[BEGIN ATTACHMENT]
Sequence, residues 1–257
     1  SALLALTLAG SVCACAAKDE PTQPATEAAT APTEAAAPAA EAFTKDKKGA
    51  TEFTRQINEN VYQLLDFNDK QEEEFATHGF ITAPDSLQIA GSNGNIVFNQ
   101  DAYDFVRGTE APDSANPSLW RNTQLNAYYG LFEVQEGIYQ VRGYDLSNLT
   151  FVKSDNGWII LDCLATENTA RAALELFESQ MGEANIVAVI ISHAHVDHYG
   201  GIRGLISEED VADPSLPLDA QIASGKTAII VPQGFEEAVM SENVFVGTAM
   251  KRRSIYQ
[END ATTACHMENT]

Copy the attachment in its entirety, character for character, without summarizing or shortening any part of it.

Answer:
Sequence, residues 1–257
     1  SALLALTLAG SVCACAAKDE PTQPATEAAT APTEAAAPAA EAFTKDKKGA
    51  TEFTRQINEN VYQLLDFNDK QEEEFATHGF ITAPDSLQIA GSNGNIVFNQ
   101  DAYDFVRGTE APDSANPSLW RNTQLNAYYG LFEVQEGIYQ VRGYDLSNLT
   151  FVKSDNGWII LDCLATENTA RAALELFESQ MGEANIVAVI ISHAHVDHYG
   201  GIRGLISEED VADPSLPLDA QIASGKTAII VPQGFEEAVM SENVFVGTAM
   251  KRRSIYQ